This year’s awardee is José Manuel Colmenarez Mendoza, MD. Dr. Mendoza was born in El Tocuyo, a western Venezuela town founded by the Spanish in 1545. It is one of the oldest cities in the country. His parents, Raul and Bolivia, were born there, as were all of their ancestors and Dr. Mendoza’s five siblings. He spent his childhood in El Tocuyo, but because the town did not have university studies, he moved to the state capital, Barquisimeto. There, he carried out his dream of studying medicine in the Lisandro Alvarado University.

During his internal doctor training, Dr. Mendoza liked to go to the otolaryngology department, where his love for the otolaryngology specialty was born. He held an ENT residency for four years in two different hospitals. When he finished, he wanted to learn more, so he decided to go to Caracas, where he completed an otology fellowship at the Venezuelan Foundation of Otology.

Throughout his training and career, Dr. Mendoza always felt compelled to help the people of his hometown, El Tocuyo. In 1995, he began providing free consultations to underprivileged patients. For the past 23 years, the program he started with free consultations for two patients has become the medical mission of El Tocuyo, which is the largest in the country and helps thousands.

Dr. Mendoza is currently the Medical Director of the Ear, Nose, and Throat Clinic in Barquisimeto, the Director of the Cochlear Implant Program, and the President of the Stapedium Foundation of Venezuela. Together with his family and his team, he aims to continue helping the people of Venezuela who have no access to medical attention.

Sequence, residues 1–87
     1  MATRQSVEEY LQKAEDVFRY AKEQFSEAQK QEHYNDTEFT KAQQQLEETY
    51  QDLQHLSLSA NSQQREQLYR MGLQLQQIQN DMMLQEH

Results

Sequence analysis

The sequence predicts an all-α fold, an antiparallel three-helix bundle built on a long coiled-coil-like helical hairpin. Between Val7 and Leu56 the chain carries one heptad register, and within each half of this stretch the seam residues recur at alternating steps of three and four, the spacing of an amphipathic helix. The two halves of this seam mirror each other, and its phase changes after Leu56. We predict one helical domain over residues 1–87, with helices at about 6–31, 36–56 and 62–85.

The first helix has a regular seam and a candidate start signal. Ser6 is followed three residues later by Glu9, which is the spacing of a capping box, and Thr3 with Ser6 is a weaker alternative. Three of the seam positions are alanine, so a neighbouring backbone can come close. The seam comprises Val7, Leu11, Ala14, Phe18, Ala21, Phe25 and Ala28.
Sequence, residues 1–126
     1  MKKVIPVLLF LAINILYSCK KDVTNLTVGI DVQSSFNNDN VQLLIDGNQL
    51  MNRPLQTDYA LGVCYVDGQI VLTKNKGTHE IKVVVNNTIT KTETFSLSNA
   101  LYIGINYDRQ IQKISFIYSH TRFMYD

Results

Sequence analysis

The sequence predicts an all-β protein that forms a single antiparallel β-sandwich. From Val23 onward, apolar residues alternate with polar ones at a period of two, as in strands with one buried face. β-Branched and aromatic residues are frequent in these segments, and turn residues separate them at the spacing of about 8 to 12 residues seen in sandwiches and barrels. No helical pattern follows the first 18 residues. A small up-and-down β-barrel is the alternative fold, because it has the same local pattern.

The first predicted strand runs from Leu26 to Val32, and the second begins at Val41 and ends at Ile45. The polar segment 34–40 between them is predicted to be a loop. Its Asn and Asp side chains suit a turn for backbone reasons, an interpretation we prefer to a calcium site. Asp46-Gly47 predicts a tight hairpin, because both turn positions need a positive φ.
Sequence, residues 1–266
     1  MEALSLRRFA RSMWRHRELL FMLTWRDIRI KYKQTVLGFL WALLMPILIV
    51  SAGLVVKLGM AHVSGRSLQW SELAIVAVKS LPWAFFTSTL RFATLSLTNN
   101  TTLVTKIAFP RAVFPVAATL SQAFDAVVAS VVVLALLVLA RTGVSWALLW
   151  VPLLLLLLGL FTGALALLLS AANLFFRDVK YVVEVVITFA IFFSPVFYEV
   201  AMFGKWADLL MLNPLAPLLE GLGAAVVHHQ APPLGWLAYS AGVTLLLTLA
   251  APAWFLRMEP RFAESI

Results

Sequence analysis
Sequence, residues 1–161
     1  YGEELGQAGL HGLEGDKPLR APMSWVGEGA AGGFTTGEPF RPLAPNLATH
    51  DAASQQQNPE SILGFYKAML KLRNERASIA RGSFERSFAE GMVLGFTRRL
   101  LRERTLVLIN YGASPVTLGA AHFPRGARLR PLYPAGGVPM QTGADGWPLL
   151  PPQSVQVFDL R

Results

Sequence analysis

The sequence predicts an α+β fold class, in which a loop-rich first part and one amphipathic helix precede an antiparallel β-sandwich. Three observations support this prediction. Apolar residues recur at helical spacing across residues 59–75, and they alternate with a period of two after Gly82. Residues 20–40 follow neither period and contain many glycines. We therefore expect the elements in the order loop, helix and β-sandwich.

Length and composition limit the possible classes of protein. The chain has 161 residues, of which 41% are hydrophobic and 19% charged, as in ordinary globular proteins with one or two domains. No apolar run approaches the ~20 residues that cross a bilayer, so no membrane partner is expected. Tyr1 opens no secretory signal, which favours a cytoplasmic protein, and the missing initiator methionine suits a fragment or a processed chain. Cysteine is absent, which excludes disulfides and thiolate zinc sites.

J Fagan

2019 Nikhil J. Bhatt, MD International Public Service Award
The International Public Service Award honors a non-U.S. otolaryngologist-head and neck surgeon whose achievements have advanced the specialty.

This year’s awardee is Johan J. Fagan, MD. Dr. Fagan has devoted much of his career to advancing ENT in Africa and developing countries around the world by creating awareness of global inequality of training opportunities and access to care. His department hosts the only fellowships in Sub-Saharan Africa in head and neck surgery, rhinology, and pediatric otolaryngology. He has trained 13 African head and neck surgeons and founded the African Head and Neck Society (AfHNS).

Dr. Fagan has used his executive positions in the American Academy of Otolaryngology–Head and Neck Surgery Foundation, International Federation of ORL Societies (IFOS), and American Head and Neck Society to advance international collaboration and education opportunities for developing countries. He maintains an educational website for Developing World ENT and self-publishes The Open Access Atlas of Otolaryngology, Head & Neck Operative Surgery, and the Open Access Guide to Audiology and Hearing Aids, chapters of which have been downloaded more than 2.3 million times (

Dr. Fagan received the Open Education Consortium (OEC) 2017 Award for Open Education Excellence in recognition of the Atlas and received a gold medal from IFOS for his contributions to otolaryngology in 2017. He currently spearheads the promulgation of the AfHNS Clinical Practice Guidelines for Head & Neck Cancers in Developing Countries and Limited Resource Settings.

After completing fellowships at the University of Pittsburgh in head and neck/cranial base surgery and in otology, Dr. Fagan was appointed the Leon Goldman Chair of Otolaryngology at the University of Cape Town in 2002. He has authored more than 200 peer-reviewed articles and chapters and has lectured in more than 30 countries.



More from August 2019 – Vol. 38, No. 7